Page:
ORIGINAL RESEARCH article
Effectiveness of Canakinumab Treatment in Colchicine Resistant Familial Mediterranean Fever Cases
- 1Department of Pediatric Rheumatology, Ondokuz Mayis University Faculty of Medicine, Samsun, Turkey
- 2Department of Pediatric Nephrology, Ondokuz Mayis University Faculty of Medicine, Samsun, Turkey
- 3Department of Pediatric Genetics, Ondokuz Mayis University Faculty of Medicine, Samsun, Turkey
Anti-interleukin 1 agents are used successfully in colchicine-resistant or intolerant Familial Mediterranean Fever (FMF) patients. Sixty-five patients with FMF who received canakinumab treatment for at least 6 months due to colchicine resistance or intolerance between 2016 and 2020 in our department were retrospectively analyzed. Canakinumab treatment was given subcutaneously every 4 weeks. After completing monthly canakinumab therapy over 12 months, in patients with complete remission, the dosing interval was extended to every 1.5 months for 6 months, then every 2 months for 6 months, and finally every 3 months for a year. In patients without disease activation, canakinumab treatment was discontinued at the end of 3 years and followed up with colchicine treatment. Patients who had a flare switched to the previous dosing interval. In patients with renal amyloidosis, monthly canakinumab treatment was continued without extending the dose intervals. The mean duration of canakinumab use in our patients was 31.4 ± 10.57 months (6–52 months). The mean age at onset of symptoms was 4.65 ± 3.84 (range, 1–18) years, and the mean age at diagnosis was 5.59 ± 3.9 (range, 4–19) years. Complete remission was achieved in 57 (87.6%) and partial remission in seven (10.7%) patients. One patient was unresponsive to treatment. Canakinumab treatment was discontinued in three patients with complete remission and one patient with drug resistance. Erythrocyte sedimentation rate (ESR) (51.85 ± 15.7 vs. 27.80 ± 13.73 mm/h) and C-reactive protein (CRP) [26 (3-73) vs. 5 (1–48) mg/L] values were compared before and after canakinumab treatment in attack-free periods, a significant decrease was found after canakinumab treatment (p < 0.001, p < 0.001, respectively). Bodyweight Z-scores (respectively −0.80 ± 0.86 vs. −0.49 ± 0.92) were compared, similarly, a statistically significant increase after canakinumab treatment (p < 0.001), but no significant increase in height Z scores (−1.00 ± 0.88 vs. −0.96 ± 0.94) (p = 0.445) was detected. Four patients had FMF-related renal amyloidosis. The decrease in proteinuria with canakinumab treatment was not statistically significant (p = 0.068). Cervical lymphadenitis developed in one and local reactions in two patients. No severe adverse effects requiring discontinuation of canakinumab treatment were observed. Our study showed that canakinumab treatment was highly effective, well-tolerated in pediatric FMF patients, and controlled extension of the canakinumab dose interval was safe.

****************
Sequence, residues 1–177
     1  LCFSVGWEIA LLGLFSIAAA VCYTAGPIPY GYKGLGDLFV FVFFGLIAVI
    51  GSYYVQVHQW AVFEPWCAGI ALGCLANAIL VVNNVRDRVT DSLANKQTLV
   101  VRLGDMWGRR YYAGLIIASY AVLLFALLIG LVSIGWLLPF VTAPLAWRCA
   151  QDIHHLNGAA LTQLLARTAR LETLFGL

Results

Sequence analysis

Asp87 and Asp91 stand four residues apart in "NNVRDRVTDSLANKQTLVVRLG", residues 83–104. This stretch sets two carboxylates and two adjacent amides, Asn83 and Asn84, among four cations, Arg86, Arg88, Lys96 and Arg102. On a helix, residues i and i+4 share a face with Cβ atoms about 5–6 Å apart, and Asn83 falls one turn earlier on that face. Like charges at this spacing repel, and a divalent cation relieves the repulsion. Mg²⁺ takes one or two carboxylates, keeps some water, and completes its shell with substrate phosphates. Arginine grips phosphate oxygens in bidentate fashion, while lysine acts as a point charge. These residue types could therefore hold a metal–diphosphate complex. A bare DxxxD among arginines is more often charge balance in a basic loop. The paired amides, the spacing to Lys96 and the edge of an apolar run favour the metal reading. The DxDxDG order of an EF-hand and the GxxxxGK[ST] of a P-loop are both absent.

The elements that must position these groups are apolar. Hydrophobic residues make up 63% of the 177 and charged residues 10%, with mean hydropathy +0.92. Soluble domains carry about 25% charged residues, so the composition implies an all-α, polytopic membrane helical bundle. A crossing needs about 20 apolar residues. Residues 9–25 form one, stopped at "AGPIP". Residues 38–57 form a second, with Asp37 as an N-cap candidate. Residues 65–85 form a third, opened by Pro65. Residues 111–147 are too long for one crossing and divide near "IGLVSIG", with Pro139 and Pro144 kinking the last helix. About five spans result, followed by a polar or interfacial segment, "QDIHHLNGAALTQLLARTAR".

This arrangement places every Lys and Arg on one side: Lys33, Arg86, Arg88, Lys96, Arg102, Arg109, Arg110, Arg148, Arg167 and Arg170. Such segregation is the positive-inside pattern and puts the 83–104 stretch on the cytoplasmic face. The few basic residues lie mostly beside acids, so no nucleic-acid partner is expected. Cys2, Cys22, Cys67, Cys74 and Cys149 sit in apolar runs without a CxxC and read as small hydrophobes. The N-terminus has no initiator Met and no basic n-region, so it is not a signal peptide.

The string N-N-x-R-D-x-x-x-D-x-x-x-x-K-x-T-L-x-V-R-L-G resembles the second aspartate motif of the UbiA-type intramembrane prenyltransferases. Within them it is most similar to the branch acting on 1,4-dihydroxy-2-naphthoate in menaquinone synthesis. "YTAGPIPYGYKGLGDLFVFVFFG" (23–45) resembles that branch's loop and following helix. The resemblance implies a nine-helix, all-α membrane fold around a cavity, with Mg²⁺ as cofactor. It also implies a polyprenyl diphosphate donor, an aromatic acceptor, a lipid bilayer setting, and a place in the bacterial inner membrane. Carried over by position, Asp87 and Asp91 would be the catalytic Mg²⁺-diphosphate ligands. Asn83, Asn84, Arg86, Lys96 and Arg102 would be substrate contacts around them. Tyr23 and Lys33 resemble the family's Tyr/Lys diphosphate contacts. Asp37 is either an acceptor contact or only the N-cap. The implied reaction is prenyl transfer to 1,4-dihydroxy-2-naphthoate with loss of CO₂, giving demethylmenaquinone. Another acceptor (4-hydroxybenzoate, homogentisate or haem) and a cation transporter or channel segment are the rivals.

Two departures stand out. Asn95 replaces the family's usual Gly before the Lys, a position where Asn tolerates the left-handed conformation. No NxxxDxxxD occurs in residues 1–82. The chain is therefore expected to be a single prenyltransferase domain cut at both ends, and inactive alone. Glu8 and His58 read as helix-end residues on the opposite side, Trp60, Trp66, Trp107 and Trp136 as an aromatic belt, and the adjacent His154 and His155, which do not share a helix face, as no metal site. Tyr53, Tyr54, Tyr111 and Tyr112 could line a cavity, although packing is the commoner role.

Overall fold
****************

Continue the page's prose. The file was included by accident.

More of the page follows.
Familial Mediterranean fever (FMF) is the most common autoinflammatory disease with autosomal recessive inheritance, characterized by recurrent attacks of fever and serositis. The disease often affects ethnic groups of the Eastern Mediterranean region, and the frequency of FMF carriers among Sephardic and Ashkenazi Jews, Arabs, Italians, Armenians, and Turks is around 1/3–1/5 (1, 2).
FMF occurs due to mutations of the Mediterranean fever (MEFV) gene located on the short arm of chromosome 16. This gene encodes a protein made up of 781 amino acids called pyrin (also known as marenostrin). Pyrin activates caspase-1 via apoptosis-associated speck-like protein with a caspase recruitment domain (ASC), interacting with NLRP3-inflammasome, and converts pro-IL-1 into active IL-1β, the main cytokine of fever and inflammation. Gain of function mutations in the MEFV gene cause increased activation of the pyrin/inflammasome complex (3).
In FMF attacks, fever and serosal inflammation findings can be seen and usually last 12–72 h (4). Patients are often asymptomatic between attacks. Sometimes, subclinical inflammation continues between attacks, and amyloidosis may develop in these patients in the long term. Amyloidosis development is affected by many conditions such as ethnicity, genetic and environmental factors, and it is particularly associated with the M694V homozygous mutation (5).
FMF treatment aims to prevent attacks and the development of amyloidosis, and colchicine is the mainstay of the treatment. Complete remission is provided in ~75% of patients with colchicine treatment. Partial remission occurs in 15–20% of patients. Unresponsiveness or resistance to colchicine occurs in 5–10% of patients (6). In 2–10% of patients, colchicine intolerance may be observed with adverse or toxic effects. Although diarrhea and elevation of hepatic enzymes are common, leukopenia can rarely be seen. Genetic, psychogenic, hormonal, and environmental factors such as infection, drug bioavailability, gene polymorphisms in colchicine transport, and the use of drugs interacting with ABCB1 and CYP3A4 may cause colchicine resistance by altering the serum colchicine level (7).
The therapeutic blockade of IL-1β is highly effective in treating patients with FMF with colchicine resistance or intolerance. Anakinra (recombinant antagonist of the IL-1 receptor), rilonacept (human dimeric fusion protein), and canakinumab (human monoclonal antibody against IL-1β) are increasingly used in therapy (7). In a systemic literature review of 67 publications, anakinra, canakinumab, and etanercept were found to be the most frequently used biologics and anti-IL-1 therapies appear to be effective and safe in the treatment of FMF, including colchicine resistance FMF and FMF-related amyloidosis (8).